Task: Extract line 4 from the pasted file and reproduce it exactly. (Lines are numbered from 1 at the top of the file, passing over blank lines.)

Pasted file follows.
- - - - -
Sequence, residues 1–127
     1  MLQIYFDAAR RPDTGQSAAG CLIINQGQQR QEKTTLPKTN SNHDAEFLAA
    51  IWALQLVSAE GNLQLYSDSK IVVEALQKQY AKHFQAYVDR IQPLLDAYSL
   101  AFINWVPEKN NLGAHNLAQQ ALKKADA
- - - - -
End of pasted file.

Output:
   101  AFINWVPEKN NLGAHNLAQQ ALKKADA